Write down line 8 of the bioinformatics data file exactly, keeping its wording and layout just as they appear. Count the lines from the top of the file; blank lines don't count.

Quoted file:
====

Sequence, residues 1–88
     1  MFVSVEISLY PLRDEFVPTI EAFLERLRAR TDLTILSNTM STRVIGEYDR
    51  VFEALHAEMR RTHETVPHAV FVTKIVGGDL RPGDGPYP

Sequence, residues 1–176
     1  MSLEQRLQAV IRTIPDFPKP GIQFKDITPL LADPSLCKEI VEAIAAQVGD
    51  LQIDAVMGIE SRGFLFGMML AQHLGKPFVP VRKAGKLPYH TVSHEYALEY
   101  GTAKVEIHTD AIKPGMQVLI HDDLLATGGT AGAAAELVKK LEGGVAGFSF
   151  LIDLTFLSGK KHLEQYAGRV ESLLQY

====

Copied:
   151  LIDLTFLSGK KHLEQYAGRV ESLLQY